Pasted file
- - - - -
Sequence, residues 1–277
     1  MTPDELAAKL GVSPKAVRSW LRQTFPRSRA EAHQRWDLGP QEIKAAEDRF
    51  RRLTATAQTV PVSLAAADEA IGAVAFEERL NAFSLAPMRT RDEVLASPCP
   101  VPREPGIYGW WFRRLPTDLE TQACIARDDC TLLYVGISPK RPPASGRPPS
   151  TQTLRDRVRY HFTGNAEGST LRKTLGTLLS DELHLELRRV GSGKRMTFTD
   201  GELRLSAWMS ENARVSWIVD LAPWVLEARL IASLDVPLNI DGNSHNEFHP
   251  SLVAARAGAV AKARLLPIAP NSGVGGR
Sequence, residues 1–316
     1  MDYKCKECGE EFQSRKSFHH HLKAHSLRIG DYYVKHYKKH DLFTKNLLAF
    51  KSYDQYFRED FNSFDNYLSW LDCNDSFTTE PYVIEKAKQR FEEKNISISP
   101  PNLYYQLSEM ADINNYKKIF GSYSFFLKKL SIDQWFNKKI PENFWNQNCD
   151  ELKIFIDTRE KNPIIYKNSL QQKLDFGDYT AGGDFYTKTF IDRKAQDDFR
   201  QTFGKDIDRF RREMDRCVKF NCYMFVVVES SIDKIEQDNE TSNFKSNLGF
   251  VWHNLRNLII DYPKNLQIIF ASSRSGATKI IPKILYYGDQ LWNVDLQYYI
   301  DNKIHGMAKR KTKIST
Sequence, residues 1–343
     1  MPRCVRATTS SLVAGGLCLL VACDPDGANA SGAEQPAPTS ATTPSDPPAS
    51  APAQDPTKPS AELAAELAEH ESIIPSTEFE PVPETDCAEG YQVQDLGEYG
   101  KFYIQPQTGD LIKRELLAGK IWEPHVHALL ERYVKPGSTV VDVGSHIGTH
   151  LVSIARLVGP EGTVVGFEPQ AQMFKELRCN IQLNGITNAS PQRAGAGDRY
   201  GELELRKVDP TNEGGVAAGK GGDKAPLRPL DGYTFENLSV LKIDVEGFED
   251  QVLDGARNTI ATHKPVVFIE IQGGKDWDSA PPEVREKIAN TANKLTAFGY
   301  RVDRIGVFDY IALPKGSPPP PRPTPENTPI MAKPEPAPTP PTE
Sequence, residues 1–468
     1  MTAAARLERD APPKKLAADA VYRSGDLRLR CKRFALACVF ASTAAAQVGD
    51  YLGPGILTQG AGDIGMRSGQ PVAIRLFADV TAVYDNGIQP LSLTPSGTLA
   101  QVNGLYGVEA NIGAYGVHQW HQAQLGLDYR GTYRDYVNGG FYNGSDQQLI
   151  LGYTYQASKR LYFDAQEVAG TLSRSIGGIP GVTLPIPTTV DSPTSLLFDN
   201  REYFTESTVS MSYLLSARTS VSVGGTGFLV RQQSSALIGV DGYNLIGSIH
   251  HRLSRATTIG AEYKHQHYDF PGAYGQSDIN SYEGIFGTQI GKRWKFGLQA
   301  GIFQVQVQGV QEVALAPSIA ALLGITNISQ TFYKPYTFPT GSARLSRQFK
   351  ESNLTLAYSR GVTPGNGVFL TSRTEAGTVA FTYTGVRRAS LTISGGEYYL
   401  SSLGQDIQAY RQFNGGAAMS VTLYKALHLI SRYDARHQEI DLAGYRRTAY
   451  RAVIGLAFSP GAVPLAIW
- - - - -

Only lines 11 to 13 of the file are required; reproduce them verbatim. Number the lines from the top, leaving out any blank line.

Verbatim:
   101  PNLYYQLSEM ADINNYKKIF GSYSFFLKKL SIDQWFNKKI PENFWNQNCD
   151  ELKIFIDTRE KNPIIYKNSL QQKLDFGDYT AGGDFYTKTF IDRKAQDDFR
   201  QTFGKDIDRF RREMDRCVKF NCYMFVVVES SIDKIEQDNE TSNFKSNLGF